Pros and cons of reporting from exile

The exiled journalists find their own ways of facing the challenges, so that they will be able to continue reporting. Habtamu, however, has a way of trying to alleviate the information gap in his articles.

– Spending extra money for the internet and social media research, creating a safe and better way of getting information and documents, and reviewing issues that are widely reported by mainstream medias are some of the ways I usually apply to mitigate the problem.

Terje also said,

– I observe that several diaspora* journalists have excellent contacts on the ground in Ethiopia. That is one of the most important measures in order to mitigate the flaws in diaspora reporting.

According to him, there are also advantages of reporting outside of the country one has fled from. For journalists working from Ethiopia, the government’s blocking of critical websites is a major problem. The exiled journalists can, however, access these blocked sites and therefore gain a better and more sophisticated online experience. However, Terje argues that many of the exiled diaspora media sources are somehow one-sided.

– [I am] always under fear. I am not far enough from the government who forced me to be in exile.

– One of the greatest strengths is the commitment that many diaspora websites display. I have been impressed to see some of them reporting year after year on their home country despite not being back for so long. The greatest weakness of many diaspora channels is the one-sidedness that many of them display. They seem more interested in propagating one view than to invite to a fair and open debate. However, I must quickly add that the quality differs a lot. Some diaspora sites are really informational and useful even if they have an outspoken political stand, he says.

The one-sidedness is something I myself have felt about my own articles. One of the reasons for the one-sidedness is the difficulty to communicate with the bodies of the Ethiopian government. Their unwillingness to comment and their unwillingness to be available and participate is a reason that the articles might look somehow one-sided.

Terje suggests some advice on how to continue reporting from exile, even if the situation is tough:

– My advice to exiled journalists who are running a diaspora outlet is that they should take their editorial duty seriously. They should keep a critical eye on what is being published, and not simply publish something because it supports their view. Perhaps they need to actively moderate the online debate to avoid instances of mudslinging. They should not be afraid to write about political issues, but they should do so critically and constructively. Also, bringing in a cartoon or other humorous content also helps.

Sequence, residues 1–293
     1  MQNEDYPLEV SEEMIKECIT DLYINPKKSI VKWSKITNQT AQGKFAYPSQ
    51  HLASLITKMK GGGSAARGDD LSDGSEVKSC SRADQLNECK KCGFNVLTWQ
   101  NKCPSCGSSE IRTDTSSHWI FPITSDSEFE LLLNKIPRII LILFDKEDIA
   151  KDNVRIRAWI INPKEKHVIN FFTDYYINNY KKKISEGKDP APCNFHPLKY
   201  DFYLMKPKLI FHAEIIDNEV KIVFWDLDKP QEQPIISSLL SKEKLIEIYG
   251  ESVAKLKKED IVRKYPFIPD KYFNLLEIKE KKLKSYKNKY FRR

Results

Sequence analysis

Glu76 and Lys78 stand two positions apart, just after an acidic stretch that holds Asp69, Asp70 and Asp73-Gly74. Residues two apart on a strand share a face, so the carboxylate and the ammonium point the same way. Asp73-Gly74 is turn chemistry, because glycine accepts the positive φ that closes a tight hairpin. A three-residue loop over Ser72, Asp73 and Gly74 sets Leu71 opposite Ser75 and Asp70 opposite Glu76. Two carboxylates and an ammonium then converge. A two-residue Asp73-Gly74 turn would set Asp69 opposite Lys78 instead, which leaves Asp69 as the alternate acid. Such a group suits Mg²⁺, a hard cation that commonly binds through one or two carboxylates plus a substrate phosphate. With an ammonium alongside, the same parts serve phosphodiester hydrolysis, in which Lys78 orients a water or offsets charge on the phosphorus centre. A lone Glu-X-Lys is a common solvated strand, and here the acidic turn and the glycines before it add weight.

Having difficulties writing stories about internal issues from abroad is not the only problem for exiled Ethiopian journalists. There is also a big challenge in finding proper media outlets which could publish the stories in order to reach out to local citizens. Most of the exiled journalists publish their stories on websites, but these websites are blocked in Ethiopia. Others post their stories on social media, but that makes the readership very limited as the number of internet users in the country is extremely low. It is fair to say that it is difficult for local citizens to know what is discussed online, outside of the country. Because of this, it sometimes feels like the effort of the exiled journalists is in vain. However, the diaspora community and others are interested in reading the stories written by their fellow exiled and about their situations.


* Diaspora: People who have left their homeland and now live scattered across the globe.

Fasil Girma
Fasil Girma is an Ethiopian media professional and press freedom advocate. Fasil has more than six years of work experience on both public and private media in Ethiopia. He is currently living in exile in Nairobi, Kenya while freelancing for different media outlets, and advocating for press freedom and the release of imprisoned journalists in Ethiopia.

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1 Comment

The Media in Ghana is the fourth pillar of our democracy. Human rights violation of journalists is not common in Ghana. However, once in a while it might happen. I support freedom of expression as enshrined in the various constitutions governing the new wave of democracy in Africa. It is unpardonable to in-castrate any journalist or media practitioner for carry his/her basic duties of reporting accurately, unbiased, balance story to inform and educate the majority of Africa who live in poverty.